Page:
Washington’s workers’ compensation benefits paid are the highest in the country, as we’ve documented here and here. And, as the National Academy of Social Insurance says, “several studies . . . demonstrate that the level of statutory benefits is a major determinant of the costs of workers’ compensation in a state.”
In 2011, the legislature enacted a number of workers’ compensation reforms. In a recent Seattle Times op-ed (I wrote about it here), Reps. Hurst and Dahlquist outline some problems with the 2011 reforms that have restrained savings.
The state Senate is now considering a raft of bills on the subject. The Senate Committee on Commerce and Labor held a hearing on them January 23, and passed them out of the committee on January 28.
- SB 5112 would allow retrospective rating plan employers and groups to schedule medical examinations and consultations, and vocational rehabilitation assessments. The Department of Labor and Industries (L&I) would retain “the final authority over decisions with respect to any individual claim.”
- SSB 5124 would change the calculation of monthly benefit amounts for surviving spouse benefits, time loss benefits and pension benefits. Currently, these benefits are a percentage of the workers’ wages, with the percentage ratcheting up with marital status and number of children. A single worker with no children receives 60 percent of his wages, while a married worker with five or more children recieves 75 percent. This bill would provide benefits of 66.67 percent, no matter the number of children. Additionally, the cap on monthly benefits would be reduced from 120 percent of the average monthly wage to 100 percent, and health and certain other benefits would be excluded from the definition of wages.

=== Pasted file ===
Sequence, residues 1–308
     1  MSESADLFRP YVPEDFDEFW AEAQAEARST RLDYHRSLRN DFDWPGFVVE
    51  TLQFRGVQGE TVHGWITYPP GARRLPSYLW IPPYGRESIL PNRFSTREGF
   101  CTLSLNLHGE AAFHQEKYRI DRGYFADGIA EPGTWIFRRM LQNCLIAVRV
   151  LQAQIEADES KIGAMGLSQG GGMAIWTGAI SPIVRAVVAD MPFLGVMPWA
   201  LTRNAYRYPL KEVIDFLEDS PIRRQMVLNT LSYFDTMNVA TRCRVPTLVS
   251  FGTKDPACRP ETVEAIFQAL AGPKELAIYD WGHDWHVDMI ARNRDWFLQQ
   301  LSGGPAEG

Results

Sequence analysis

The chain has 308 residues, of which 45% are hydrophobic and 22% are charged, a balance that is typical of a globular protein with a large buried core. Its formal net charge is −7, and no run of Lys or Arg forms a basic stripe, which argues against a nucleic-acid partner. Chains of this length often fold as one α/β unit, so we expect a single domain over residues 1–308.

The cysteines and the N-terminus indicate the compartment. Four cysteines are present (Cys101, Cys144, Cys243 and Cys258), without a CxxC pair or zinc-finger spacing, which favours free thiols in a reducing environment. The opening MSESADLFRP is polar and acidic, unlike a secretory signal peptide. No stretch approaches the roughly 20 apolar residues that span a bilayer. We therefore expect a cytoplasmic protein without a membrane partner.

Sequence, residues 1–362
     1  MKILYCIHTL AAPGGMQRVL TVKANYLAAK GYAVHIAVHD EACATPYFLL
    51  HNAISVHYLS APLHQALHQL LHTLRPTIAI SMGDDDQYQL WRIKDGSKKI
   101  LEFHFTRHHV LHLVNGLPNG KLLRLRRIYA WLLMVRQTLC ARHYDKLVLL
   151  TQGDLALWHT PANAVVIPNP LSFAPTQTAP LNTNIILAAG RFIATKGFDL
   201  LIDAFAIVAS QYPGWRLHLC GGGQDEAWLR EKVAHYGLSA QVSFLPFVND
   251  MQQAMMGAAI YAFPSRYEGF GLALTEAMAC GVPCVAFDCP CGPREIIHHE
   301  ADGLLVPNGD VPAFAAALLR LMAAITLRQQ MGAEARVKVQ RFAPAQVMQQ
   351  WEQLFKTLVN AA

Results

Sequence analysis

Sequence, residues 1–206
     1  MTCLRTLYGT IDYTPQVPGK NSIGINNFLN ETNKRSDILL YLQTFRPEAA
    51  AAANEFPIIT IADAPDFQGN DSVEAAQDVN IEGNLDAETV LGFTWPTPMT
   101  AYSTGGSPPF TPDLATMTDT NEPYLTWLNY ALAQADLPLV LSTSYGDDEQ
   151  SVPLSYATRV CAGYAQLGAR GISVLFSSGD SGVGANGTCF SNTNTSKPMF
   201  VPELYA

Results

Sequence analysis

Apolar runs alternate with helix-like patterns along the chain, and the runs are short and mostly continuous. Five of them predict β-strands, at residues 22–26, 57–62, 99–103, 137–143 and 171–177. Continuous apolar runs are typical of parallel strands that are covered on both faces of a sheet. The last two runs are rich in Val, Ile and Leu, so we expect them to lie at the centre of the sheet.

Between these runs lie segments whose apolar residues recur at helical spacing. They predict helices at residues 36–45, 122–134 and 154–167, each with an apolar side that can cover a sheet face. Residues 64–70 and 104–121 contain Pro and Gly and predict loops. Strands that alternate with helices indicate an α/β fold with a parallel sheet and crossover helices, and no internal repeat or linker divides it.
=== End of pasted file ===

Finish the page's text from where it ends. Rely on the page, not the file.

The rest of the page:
- SB 5126 would clarify L&I’s access to pain and suffering damages granted to a worker after being injured by a third party. When such a worker is awarded damages, L&I and self-insured employers are allowed to use part of those damages as reimbursement for benefits paid to the worker. A 2010 state Supreme Court case ruled that pain and suffering damages are not accessible to L&I or self-insured employers; this bill would make them so.
- SSB 5127 would eliminate the minimum age a worker must be to voluntarily agree to a structured settlement. Under current law, a worker must be 55 in order to do so (and 53 on or after Jan. 1, 2015, and 50 on or after Jan. 1, 2016). The bill would also clarify the legislature’s original intent that workers with attorneys are allowed a streamlined process for approval of such agreements.
- SSB 5128 would replace the existing structured settlement law. Originally, medical benefits would have been allowed to be included in a voluntary settlement agreement, but, as amended on the Senate floor today, they would not be. (They also cannot be settled under current law.) The bill would change return-to-work provisions: Temporary total disability payments would be stopped when an injured worker begins light duty work, and employers would not need to get doctor approval before providing an injured worker with such work.